The numerous allegations plaguing the Trump administration have increasingly raised speculation among weary conservatives, with some eyeing the scenario of replacing Trump with these two words: President Pence.
Unfair as it may seem to some, a dark cloud looms over the presidency as reports continue to swirl over the firing of FBI Director James Comey and alleged leaks of classified information to Russian diplomats. As a result, some Republicans have grown tired of defending the president’s actions and are quick to envision Vice President Mike Pence replacing President Trump.
According to the liberal leaning news agency, Politico, an anonymous House Republican quipped Wednesday, “If what the [New York Times] reported is true, Pence is probably rehearsing. It’s just like Nixon. From the standpoint that it’s never the underlying issue, it is always the cover-up.”
Politico claims the proposition of ‘President Pence’ remains a “cringe-worthy” subject for Pence, who has been steadfast in not upstaging Trump and refrained from entertaining such rhetoric on the campaign trail. Pence’s press secretary also declined to comment on the matter.
According to the report, conservatives maintain that Pence would be an ideal alternative, especially as the Justice Department forges ahead with a special prosecutor to investigate alleged collusion between Trump and Russia.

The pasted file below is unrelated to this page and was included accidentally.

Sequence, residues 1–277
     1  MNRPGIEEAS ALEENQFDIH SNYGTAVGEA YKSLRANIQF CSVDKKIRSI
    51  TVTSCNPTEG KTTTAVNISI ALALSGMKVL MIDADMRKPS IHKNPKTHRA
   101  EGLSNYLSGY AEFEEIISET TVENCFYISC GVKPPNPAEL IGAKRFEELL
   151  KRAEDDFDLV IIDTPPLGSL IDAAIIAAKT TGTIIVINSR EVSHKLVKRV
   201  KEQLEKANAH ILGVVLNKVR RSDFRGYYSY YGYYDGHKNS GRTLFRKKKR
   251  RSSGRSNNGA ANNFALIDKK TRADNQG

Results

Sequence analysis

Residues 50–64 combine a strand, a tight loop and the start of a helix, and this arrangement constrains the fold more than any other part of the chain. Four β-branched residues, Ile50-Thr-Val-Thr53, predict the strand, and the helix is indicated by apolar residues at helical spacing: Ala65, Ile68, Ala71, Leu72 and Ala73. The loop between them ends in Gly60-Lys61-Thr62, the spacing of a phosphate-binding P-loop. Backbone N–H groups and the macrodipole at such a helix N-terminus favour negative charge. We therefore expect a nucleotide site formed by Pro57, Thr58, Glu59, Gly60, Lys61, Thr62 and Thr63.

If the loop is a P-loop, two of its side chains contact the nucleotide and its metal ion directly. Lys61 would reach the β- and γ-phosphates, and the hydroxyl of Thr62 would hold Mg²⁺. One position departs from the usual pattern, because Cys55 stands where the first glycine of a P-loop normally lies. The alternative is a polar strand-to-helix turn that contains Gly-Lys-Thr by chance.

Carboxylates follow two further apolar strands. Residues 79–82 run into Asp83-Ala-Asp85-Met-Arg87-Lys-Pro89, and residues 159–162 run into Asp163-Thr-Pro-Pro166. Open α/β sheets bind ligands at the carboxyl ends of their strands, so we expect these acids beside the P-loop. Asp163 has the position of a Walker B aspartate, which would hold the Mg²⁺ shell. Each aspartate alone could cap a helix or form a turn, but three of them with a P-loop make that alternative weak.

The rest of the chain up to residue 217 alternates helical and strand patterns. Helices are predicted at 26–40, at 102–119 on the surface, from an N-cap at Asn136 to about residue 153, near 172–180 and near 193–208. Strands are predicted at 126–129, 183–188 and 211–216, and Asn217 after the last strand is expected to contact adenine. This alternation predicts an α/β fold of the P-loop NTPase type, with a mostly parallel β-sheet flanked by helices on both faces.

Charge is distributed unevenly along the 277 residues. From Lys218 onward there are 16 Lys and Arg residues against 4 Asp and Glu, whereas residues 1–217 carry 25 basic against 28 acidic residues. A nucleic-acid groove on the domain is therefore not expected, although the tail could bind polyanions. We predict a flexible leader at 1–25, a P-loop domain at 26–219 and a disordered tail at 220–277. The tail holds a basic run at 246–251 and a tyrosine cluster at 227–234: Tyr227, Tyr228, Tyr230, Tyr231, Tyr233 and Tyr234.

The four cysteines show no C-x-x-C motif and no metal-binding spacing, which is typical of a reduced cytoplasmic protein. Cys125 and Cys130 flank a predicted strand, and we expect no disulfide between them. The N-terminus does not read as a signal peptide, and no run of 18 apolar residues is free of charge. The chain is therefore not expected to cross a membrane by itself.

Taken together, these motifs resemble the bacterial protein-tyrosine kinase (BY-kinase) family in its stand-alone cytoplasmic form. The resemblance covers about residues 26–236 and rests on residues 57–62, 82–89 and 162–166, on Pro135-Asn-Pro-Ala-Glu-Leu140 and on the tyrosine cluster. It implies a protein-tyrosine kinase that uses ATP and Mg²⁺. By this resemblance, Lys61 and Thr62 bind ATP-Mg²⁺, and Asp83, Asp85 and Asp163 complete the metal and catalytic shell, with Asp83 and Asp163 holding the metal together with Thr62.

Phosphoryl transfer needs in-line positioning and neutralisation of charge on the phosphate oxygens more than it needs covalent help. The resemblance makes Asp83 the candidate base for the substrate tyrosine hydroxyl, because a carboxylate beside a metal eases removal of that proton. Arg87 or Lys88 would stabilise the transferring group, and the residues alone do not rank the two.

Erick Erickson, a conservative pundit who was a strong Never Trumper but then pledged to give the president a chance, wrote on Wednesday that Republicans should abandon the president because they “have no need for him with Mike Pence in the wings.”
The article asserts that Washington is not-so-secretly pining over the prospect of Pence as the seated president and that “many Republicans prefer Pence to Trump in the Oval Office.”
One GOP lobbyist addressed the far-fetched notion of Pence taking the helm, saying: “I find it unlikely that Trump is going anywhere. That being said, Pence is well-liked on the Hill, fairly predictable, and doesn’t stir up much unnecessary drama.”
Furthermore, the report claims most Republican lobbyists view Pence as being a “source of stability in an otherwise tumultuous White House.”
Douglas Brinkley, a presidential historian at Rice University, described Pence’s temperament as similar to the “mild-mannered, religious conservative Republican Gerald Ford” and someone with “few enemies.”
“Having Pence in reserve is one of the few things, I think, that is calming Republican nerves,” Brinkley added. “It would just be a more mild-mannered Pence who never says anything offensive, who doesn’t take to Twitter, who goes to church every Sunday.”
While Pence may be favored by some over Trump, it stands to reason that in the unlikely event of Trump abandoning the Oval Office, it would not be an easy road for Pence in the wake of a seismic shake-up and he could face issues of being “considered tainted by his past devotion to Trump,” writes Politico.
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